Tuesday, September 10, 2013

Review: Harriet Tubman, Secret Agent: How Daring Slaves and Free Blacks Spied for the Union During the Civil War Hardcover by Thomas B. Allen

Synopsis: It's 1863. Harriet Tubman is facing one of the biggest—and most dangerous— challenges of her life. She has survived her master's lash, escaped from slavery, and risked her life countless times to lead runaway slaves to freedom along the Underground Railroad. Now she has a new role—that of Union spy! The outcome of a secret night raid deep into Confederate territory depends on the accuracy of the intelligence she and other black spies have gathered. Success will mean freedom for hundreds of slaves. Failure will mean death by hanging.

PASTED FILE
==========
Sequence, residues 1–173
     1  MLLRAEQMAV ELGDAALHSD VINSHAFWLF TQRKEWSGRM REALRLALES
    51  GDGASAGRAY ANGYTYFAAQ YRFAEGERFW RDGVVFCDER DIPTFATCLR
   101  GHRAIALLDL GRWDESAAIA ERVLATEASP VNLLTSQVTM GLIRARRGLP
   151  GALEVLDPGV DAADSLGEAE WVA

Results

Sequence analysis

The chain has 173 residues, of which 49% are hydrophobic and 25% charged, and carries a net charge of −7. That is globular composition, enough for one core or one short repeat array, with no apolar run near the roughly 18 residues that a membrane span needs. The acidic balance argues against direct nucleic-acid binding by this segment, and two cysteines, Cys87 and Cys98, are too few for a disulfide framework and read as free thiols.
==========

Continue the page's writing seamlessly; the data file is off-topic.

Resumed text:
You are about to enter the undercover world of African-American spies—enslaved and free—risking everything in the name of freedom. How were the Underground Railroad and slave songs used to pass secret messages? What were "contrabands" and "Black Dispatches?" What did Harriet have in common with the Secret Six and a maidservant in the home of Confederate President Jefferson Davis? You'll discover these answers and more as the action unfolds. (From the back of the book)
Review: I pick this up during my first foray into a newly discovered used bookstore. I'll read anything about Harriet Tubman, but this book in particular caught my eye because it's not a bigraphy, per se, but focuses more on her role as spy during the Civil War. Included are small stories about other slaves who worked as spies, often risky life and freedom in doing so. The book is cleverly designed, using pictures and script reminiscent of the time. Quick and easy, with clear prose and exciting stories, I'd recommend this to anyone interested in a starting point for further research. In particular, this would be an excellent read for elementary age children who are interested in the Civil War and Slavery.

Bookmarks: 7 of 10

Awards: None

Date Finished: 9-8-2013
Pages: 192

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